Suzuki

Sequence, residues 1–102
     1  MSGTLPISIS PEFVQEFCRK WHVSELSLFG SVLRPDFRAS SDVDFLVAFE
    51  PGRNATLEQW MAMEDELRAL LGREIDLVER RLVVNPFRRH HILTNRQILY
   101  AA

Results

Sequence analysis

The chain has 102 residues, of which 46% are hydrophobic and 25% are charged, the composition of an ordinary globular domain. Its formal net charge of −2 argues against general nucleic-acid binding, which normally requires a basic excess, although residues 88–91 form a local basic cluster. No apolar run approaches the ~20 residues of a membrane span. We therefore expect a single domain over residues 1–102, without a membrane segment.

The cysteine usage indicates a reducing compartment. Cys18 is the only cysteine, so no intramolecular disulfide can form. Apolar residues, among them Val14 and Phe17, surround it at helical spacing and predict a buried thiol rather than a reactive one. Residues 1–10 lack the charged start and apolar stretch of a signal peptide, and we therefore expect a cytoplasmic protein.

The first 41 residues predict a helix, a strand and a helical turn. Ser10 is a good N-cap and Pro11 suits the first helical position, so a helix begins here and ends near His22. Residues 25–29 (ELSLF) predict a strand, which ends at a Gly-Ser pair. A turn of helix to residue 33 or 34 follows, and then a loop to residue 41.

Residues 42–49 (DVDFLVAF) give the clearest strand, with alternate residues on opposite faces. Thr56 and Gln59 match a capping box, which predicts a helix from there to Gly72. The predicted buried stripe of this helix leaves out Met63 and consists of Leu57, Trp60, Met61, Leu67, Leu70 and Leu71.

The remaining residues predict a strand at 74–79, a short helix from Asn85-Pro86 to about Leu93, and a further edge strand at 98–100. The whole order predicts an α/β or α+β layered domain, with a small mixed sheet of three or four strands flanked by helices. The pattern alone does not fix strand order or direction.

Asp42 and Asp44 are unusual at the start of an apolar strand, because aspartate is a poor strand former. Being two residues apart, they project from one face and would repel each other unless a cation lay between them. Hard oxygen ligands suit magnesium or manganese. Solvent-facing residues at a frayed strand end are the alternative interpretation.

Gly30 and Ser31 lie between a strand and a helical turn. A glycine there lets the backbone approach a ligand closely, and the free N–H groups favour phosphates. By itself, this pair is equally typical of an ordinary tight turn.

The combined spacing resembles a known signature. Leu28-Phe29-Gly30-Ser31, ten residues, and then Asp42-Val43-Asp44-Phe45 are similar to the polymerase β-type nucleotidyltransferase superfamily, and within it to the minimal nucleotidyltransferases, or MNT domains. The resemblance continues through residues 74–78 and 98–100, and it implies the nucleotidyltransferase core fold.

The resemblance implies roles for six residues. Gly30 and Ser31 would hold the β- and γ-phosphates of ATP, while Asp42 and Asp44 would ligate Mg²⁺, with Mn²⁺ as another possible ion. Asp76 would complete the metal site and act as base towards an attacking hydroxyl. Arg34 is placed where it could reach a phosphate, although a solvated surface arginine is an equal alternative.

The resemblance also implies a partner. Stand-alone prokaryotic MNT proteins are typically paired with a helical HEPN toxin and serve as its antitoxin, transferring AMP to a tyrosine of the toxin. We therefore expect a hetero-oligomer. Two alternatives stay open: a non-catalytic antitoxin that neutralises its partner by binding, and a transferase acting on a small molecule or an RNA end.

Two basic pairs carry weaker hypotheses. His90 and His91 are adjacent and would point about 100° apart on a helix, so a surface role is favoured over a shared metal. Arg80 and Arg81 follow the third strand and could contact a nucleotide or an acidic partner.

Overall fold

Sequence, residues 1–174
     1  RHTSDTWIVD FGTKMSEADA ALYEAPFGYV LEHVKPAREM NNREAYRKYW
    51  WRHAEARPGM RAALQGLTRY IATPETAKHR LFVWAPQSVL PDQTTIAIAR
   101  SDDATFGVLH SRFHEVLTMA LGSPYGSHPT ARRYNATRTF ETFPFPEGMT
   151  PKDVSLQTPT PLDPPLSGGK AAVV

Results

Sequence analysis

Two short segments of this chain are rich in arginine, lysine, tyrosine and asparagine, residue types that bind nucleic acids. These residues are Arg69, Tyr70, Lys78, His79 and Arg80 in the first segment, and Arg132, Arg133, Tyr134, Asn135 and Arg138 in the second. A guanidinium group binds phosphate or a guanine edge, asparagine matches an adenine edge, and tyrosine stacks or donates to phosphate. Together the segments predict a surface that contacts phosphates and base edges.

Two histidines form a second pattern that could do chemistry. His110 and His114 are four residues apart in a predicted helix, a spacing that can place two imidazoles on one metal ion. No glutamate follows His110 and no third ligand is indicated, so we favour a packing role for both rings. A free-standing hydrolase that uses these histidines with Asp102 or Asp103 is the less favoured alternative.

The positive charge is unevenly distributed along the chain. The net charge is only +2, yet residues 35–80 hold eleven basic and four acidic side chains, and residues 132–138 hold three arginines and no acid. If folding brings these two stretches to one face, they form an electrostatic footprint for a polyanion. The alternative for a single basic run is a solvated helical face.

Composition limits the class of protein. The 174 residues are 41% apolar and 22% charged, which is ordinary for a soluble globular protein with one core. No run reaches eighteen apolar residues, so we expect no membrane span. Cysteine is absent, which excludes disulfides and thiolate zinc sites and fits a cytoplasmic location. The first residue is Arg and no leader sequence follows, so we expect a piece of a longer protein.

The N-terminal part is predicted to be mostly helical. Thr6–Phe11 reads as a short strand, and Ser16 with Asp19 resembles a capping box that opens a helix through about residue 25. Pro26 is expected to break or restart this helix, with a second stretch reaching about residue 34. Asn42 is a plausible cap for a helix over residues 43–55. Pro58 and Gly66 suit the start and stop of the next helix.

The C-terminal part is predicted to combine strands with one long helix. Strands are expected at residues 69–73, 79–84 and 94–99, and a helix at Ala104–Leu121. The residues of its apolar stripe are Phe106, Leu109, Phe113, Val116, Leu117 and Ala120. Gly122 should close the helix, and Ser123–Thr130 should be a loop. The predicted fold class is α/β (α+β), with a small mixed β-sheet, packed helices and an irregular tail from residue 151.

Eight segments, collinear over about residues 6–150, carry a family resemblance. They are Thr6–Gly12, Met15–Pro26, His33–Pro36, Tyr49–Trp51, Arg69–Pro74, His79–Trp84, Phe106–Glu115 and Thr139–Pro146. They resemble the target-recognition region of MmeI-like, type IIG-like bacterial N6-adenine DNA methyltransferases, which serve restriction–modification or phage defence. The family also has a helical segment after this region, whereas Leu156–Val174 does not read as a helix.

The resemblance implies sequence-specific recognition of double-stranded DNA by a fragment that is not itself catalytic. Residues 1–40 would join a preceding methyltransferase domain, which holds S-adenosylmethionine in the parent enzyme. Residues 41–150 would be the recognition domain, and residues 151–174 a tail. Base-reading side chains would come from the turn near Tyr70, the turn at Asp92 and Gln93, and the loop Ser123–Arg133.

Suzuki Motor Corporation (? Suzuki Kabushiki-Kaisha?) is a Japanese multinational corporation headquartered in Minami-ku, Hamamatsu, Japan that specializes in manufacturing compact automobiles and 4x4 vehicles, a full range of motorcycles, all-terrain vehicles (ATVs), outboard marine engines, wheelchairs and a variety of other small internal combustion engines. Suzuki is Japan's 4th largest automobile manufacturer after Toyota, Nissan and Honda, the 9th largest automobile manufacturer in the world by production volume, employs over 45,000, has 35 main production facilities in 23 countries and 133 distributors in 192 countries.[citation needed] According to statistics from the Japan Automobile Manufacturers Association (JAMA), Suzuki is Japan's second-largest manufacturer of small cars and trucks. In 1909, Michio Suzuki (1887–1982) founded the Suzuki Loom Works in the small seacoast village of Hamamatsu, Japan. Business boomed as Suzuki built weaving looms for Japan's giant silk industry. In 1929, Michio Suzuki invented a new type of weaving machine, which was exported overseas. Suzuki filed as many as 120 patents and utility model rights.[citation needed] The company's first 30 years focused on the development and production of these exceptionally complex machines.[citation needed] Despite the success of his looms, it occurred to Suzuki that his company would benefit from diversification and he began to look at other products. Based on consumer demand, he decided that building a small car would be the most practical new venture. The project began in 1937, and within two years Suzuki had completed several compact prototype cars. These first Su uki motor vehicles were powered by a then-innovative, liquid-cooled, four-stroke, four-cylinder engine. It featured a cast aluminum crankcase and gearbox and generated 13 horsepower (9.7 kW) from a displacement of less than 800cc. With the onset of World War II, production plans for Suzuki's new vehicles were halted when the government declared civilian passenger cars a "non-essential commodity." At the conclusion of the war, Suzuki went back to producing looms. Loom production was given a boost when the U.S. government approved the shipping of cotton to Japan. Suzuki's fortunes brightened as orders began to increase from domestic textile manufacturers. But the joy was short-lived as the cotton market collapsed in 1951. Faced with this colossal challenge, Suzuki's thoughts went back to motor vehicles. After the war, the Japanese had a great need for affordable, reliable personal transportation. A number of firms began offering "clip-on" gas-powered engines that could be attached to the typical bicycle. Suzuki's first two-wheel ingenuity came in the form a bicycle fitted with a motor called, the "Power Free." Designed to be inexpensive and simple to build and maintain, the 1952 Power Free featured a 36 cc, one horsepower, two-stroke engine. An unprecedented feature was the double-sprocket gear system, enabling the rider to either pedal with the engine assisting, pedal without engine assist, or simply disconnect the pedals and run on engine power alone. The system was so ingenious that the patent office of the new democratic government granted Suzuki a financial subsidy to continue research in motorcycle engineering, and so was born Suzuki Motor Corporation.